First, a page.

SONNY JURGENSEN is not the Redskins quarterback anymore.And no one can sit in RFK Stadium on a summer's afternoon and expect the Washington Senators to take the field these days either. All that is bad enough, but now Wes Unseld is retiring. This is just too much. The Bullets cannot be the Bullets without Mr. Unseld. At best, they can be the Bullets After Mr. Unseld. As the team's captain and starting center, Mr. Unseld is the personification of professional basketball in this basketball-crazy town. Even so, it is characteristic that this man-team who brought the metropolitan area its first national athletic championship in over 36 years never became a great public hero, unlike the smiling, joval Jurgensen.

The Bullets' captain is a private hero. He doesn't make the social scene. He doesn't make spectacular plays; he is a center, but he almost never does the basketball play all America loves, the dunk. What he did do was lead the Bullets to the playoffs 12 straight times before this year; he took the team to the championship finals four times and won the top prize once. Yet for all that, Wes Unseld has never been a regular on the league's all-star team. He is not nationally famous. No, Mr. Unseld's athletic performances were a pleasure to be savored by people lucky enough to be in Washington or Baltimore during his career. He was a steady friend, an athlete who consistently gave it his all. And in an era of zillion-dollar contracts negotiated for athletes by agents, Wes Unseld, the athlete draped in sweat and straining to win, never draped himself in jewels and egotism. He did not have an agent. In a straightforward, man-to-man way, he personally talked about money with the owner and shook hands to fix the deal.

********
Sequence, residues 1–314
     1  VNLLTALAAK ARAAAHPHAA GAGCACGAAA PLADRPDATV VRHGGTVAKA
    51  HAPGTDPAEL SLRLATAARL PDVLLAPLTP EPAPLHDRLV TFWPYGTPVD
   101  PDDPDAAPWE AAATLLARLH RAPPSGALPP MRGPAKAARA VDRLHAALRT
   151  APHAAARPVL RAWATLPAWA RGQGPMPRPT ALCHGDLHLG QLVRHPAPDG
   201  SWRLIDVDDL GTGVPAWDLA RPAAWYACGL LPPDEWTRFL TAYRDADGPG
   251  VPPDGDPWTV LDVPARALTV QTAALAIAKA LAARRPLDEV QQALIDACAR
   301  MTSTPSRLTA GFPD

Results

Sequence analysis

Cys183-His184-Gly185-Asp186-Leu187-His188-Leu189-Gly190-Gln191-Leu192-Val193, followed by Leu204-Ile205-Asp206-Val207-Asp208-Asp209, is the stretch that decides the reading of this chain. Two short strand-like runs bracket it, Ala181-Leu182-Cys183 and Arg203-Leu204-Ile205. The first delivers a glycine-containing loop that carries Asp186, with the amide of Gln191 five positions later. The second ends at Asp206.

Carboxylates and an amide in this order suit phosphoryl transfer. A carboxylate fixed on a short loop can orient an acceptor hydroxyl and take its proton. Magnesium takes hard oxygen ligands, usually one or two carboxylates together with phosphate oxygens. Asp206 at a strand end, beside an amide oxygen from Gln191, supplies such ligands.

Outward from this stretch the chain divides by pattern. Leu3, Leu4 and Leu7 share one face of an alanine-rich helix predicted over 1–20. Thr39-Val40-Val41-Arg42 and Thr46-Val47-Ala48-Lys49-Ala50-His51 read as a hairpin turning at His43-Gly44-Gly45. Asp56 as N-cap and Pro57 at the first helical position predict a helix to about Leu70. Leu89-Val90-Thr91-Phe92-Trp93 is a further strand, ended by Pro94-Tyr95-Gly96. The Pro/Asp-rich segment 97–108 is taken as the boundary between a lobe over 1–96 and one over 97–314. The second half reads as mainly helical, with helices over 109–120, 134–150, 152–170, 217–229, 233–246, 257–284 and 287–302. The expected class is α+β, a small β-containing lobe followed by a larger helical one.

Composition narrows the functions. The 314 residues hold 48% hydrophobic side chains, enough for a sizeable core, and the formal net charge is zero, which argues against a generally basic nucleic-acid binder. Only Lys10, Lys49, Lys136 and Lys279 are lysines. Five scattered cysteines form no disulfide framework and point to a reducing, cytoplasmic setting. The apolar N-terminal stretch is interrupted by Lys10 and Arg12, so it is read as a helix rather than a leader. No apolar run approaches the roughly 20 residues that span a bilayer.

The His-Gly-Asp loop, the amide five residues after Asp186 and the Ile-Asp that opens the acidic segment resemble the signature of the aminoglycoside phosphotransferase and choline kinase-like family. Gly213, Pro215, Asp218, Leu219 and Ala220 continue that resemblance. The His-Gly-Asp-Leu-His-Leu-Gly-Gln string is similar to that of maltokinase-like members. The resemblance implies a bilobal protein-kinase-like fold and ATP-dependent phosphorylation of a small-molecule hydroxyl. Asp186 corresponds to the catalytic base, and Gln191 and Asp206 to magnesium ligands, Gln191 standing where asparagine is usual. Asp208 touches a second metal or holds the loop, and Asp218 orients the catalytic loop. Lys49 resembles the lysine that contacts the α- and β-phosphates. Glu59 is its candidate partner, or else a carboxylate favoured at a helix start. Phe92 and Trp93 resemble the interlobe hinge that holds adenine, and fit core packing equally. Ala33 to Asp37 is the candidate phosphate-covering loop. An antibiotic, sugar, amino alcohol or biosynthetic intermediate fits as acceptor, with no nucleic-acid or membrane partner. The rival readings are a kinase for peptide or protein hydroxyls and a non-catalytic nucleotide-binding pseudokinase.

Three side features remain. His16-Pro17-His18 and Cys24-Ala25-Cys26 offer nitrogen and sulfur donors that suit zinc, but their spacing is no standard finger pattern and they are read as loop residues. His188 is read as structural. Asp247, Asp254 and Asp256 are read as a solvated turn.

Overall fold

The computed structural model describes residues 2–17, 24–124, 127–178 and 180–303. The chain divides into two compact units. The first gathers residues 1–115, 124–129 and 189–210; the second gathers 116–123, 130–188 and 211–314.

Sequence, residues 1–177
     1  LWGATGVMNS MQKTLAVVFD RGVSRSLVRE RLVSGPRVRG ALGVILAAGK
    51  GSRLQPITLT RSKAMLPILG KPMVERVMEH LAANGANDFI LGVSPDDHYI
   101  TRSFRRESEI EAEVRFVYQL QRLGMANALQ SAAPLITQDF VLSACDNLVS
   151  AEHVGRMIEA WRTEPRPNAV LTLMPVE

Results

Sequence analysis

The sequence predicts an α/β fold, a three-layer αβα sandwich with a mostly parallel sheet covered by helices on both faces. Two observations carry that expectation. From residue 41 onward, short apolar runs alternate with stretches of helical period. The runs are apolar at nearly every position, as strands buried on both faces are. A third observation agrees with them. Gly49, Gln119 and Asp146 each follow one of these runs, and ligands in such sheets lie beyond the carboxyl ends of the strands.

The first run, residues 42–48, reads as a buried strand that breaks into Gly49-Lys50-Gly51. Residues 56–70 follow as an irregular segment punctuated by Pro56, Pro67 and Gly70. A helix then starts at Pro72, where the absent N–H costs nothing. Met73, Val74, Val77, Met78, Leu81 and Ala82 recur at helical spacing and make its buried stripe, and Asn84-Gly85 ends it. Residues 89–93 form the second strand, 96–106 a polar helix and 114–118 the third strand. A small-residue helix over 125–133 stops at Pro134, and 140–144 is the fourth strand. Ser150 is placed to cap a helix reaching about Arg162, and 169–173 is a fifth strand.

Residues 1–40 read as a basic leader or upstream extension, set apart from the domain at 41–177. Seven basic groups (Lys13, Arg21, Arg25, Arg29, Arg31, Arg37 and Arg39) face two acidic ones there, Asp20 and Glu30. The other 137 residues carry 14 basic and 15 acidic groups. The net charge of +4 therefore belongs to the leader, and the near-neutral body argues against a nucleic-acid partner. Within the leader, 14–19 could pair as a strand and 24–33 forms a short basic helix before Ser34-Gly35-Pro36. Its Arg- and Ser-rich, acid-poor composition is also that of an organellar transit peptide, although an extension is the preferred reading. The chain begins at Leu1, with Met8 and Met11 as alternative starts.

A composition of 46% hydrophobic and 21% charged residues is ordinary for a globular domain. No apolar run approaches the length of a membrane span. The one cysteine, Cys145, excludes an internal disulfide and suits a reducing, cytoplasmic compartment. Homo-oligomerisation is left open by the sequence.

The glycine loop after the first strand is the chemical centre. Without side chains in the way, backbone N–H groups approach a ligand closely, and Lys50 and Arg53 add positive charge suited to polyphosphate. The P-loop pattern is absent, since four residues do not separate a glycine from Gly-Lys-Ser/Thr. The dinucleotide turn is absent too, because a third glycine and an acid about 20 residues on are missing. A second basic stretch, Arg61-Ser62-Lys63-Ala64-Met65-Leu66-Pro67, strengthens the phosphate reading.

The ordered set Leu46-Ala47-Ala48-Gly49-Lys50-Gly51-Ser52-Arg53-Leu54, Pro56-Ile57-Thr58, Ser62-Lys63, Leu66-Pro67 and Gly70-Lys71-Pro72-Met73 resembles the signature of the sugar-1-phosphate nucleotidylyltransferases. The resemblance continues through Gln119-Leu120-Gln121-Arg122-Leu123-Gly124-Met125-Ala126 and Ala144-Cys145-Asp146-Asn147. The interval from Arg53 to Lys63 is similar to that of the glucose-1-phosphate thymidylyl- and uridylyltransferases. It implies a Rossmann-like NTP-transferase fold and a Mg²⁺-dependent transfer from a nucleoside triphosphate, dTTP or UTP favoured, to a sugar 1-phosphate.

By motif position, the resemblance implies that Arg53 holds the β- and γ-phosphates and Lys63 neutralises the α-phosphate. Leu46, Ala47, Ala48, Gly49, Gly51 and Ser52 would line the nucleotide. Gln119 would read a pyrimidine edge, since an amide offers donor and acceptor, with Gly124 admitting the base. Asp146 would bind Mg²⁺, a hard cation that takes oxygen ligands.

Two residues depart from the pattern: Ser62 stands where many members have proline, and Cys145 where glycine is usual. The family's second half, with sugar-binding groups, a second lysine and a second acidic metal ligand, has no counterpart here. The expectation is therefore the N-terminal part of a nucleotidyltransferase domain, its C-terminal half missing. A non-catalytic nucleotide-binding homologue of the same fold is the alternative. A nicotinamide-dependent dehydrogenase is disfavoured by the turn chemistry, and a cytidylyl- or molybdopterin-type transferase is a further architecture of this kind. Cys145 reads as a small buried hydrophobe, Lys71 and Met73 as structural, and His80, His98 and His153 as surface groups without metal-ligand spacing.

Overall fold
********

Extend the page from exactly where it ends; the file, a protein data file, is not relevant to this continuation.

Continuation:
To people who don't play or follow sports, it may not be significant that Wes Unseld is so strong in character. But in its ideals, American athletic virtue has never had so much to do with superstars, agents and lack of loyalty as it has in the past decade. In much the same way that Wes Unseld stands fierce, unsmiling, rock-like and unemotional, holding down the middle of the Bullets defense or setting picks on offense, he stands unmoving from the center of those old athletic virtues. In all his years in professional sports, he played for the same team, played with little hurts and played with all his heart. No boorish sulking, no demands for more and more money, no hot-dogging for attention.

The Bullets should retire Wes Unseld's uniform, No. 41, and hoist it up to the rafters with the championship banner. It would be an act of class for a class performer.